Lots of emotions were stirred up this past weekend, and I suppose that they gave way to this post. I had a hard time writing the follow up to Part I, mostly because I thought that it would reveal something from my book that I wasn’t ready to share. I didn’t want to give away all of my secrets. As it stands, the book still isn’t published, but I’m in a good enough place to write this piece. I could tell you something cheesy like, “Time heals all wounds,” but I’m not sure I believe in that. Sure, most things eventually fade, lose their potency, and yes, time does lessen the sting, but I’d like to believe that it’s the hard work that I’ve done, therapy and long conversations, some medication, and even a little spiritual work, that have gotten me to the place I am today. I don’t think you can just wait it out. I mean you can, but with a little hard work, I think you can speed up the process, the process of healing. In some ways, it’s been the most important pursuit of my adult life.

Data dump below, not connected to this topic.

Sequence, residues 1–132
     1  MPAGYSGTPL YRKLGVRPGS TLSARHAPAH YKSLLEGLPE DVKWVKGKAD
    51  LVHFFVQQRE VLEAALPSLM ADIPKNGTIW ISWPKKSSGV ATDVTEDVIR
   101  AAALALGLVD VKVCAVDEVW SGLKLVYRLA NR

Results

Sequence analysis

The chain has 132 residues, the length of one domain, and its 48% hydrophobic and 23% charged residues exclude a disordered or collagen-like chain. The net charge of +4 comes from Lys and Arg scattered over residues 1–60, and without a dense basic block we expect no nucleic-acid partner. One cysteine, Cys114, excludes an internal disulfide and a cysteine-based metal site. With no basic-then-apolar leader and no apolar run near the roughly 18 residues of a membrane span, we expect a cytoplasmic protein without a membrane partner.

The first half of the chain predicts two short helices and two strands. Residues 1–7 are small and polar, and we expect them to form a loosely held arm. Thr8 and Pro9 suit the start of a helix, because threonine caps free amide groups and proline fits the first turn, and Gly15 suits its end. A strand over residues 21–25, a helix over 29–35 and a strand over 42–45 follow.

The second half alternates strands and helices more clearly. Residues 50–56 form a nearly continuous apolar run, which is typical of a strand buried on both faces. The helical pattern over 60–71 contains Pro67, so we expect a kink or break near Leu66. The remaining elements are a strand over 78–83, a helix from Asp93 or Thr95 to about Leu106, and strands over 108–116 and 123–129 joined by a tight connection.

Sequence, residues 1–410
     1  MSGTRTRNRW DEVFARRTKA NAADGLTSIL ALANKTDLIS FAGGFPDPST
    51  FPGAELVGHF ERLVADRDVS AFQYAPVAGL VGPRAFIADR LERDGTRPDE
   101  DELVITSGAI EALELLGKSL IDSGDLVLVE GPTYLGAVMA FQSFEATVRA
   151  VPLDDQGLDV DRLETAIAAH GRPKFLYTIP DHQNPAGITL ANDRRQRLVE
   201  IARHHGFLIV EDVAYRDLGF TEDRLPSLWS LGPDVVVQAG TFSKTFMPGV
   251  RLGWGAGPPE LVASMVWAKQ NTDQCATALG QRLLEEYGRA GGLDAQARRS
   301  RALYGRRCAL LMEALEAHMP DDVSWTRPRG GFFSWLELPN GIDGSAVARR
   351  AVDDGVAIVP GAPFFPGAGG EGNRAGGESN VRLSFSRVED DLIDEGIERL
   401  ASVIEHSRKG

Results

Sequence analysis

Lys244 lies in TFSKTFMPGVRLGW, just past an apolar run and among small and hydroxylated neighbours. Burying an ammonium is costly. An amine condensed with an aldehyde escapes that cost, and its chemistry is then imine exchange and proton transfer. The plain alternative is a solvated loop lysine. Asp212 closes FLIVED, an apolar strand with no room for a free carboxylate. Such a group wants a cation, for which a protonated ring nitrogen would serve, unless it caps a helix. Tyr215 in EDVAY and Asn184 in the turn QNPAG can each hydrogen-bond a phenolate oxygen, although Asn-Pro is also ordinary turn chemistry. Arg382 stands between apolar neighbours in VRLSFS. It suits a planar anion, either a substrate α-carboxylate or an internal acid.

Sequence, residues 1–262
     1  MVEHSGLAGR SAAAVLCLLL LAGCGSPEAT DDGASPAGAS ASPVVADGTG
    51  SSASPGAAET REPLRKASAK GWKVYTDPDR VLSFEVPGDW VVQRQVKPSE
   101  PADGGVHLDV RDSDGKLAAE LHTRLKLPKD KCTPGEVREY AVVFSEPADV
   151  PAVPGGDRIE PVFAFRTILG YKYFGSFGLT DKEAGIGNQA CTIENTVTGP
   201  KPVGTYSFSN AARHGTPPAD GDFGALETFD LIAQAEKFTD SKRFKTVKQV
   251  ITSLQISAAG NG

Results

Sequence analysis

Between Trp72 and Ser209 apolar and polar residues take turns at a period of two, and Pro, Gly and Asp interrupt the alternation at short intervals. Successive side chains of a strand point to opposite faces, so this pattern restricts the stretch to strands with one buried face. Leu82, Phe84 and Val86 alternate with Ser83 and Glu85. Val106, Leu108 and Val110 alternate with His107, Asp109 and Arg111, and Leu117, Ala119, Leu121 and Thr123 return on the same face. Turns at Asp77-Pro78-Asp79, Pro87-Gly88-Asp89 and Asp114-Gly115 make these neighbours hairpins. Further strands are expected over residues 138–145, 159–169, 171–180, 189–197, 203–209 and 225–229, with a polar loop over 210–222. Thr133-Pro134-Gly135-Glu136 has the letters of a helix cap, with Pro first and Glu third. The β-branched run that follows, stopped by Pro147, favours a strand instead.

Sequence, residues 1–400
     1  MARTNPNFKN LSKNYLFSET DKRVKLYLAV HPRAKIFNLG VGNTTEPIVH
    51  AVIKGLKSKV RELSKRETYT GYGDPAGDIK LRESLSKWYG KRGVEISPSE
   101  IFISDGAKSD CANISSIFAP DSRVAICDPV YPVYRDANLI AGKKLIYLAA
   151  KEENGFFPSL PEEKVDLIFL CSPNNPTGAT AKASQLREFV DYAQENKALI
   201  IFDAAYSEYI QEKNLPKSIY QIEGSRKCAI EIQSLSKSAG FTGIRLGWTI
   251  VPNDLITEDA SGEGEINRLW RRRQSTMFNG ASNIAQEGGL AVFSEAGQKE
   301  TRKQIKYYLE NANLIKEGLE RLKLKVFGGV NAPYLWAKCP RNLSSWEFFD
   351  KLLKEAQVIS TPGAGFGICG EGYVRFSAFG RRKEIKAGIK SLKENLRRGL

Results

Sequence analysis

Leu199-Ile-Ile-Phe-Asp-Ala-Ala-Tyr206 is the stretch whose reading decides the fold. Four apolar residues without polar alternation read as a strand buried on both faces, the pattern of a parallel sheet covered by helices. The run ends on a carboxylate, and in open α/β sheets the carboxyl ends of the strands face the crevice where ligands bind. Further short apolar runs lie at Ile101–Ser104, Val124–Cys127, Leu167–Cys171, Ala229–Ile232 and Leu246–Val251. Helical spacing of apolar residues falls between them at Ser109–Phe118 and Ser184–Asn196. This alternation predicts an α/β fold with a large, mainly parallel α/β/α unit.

10 years ago, around this time, it was Father’s Day. It was a time in my life characterized by stops and starts. I’d travel somewhere wonderful, have all of this energy. I’d then come home, and pick up where I left off, falling right back into a my rut. I’d come back to my favorite couch, and the energy would fade away, almost as if the couch absorbed it. 10 years ago, I saw all of those families in the streets, and I had to face the painful display. I was only 24, but I knew I had to act. I had to harness this energy, and do something with it. I was damaged, but I also knew I didn’t want to spend the rest of my life like this. I didn’t want to be miserable and sad, so I put the wheels in motion and wound up in New York. I think doing anything was better than doing nothing. I did some stupid things. I also did something that I’m proud of, getting my graduate degree. I look back at that person with a deep sense of compassion, knowing full well that that person was wonderfully alone, was navigating the confusing waters of being a young adult, and was attempting to find himself amidst the pain and turmoil that losing someone invariably brings with it.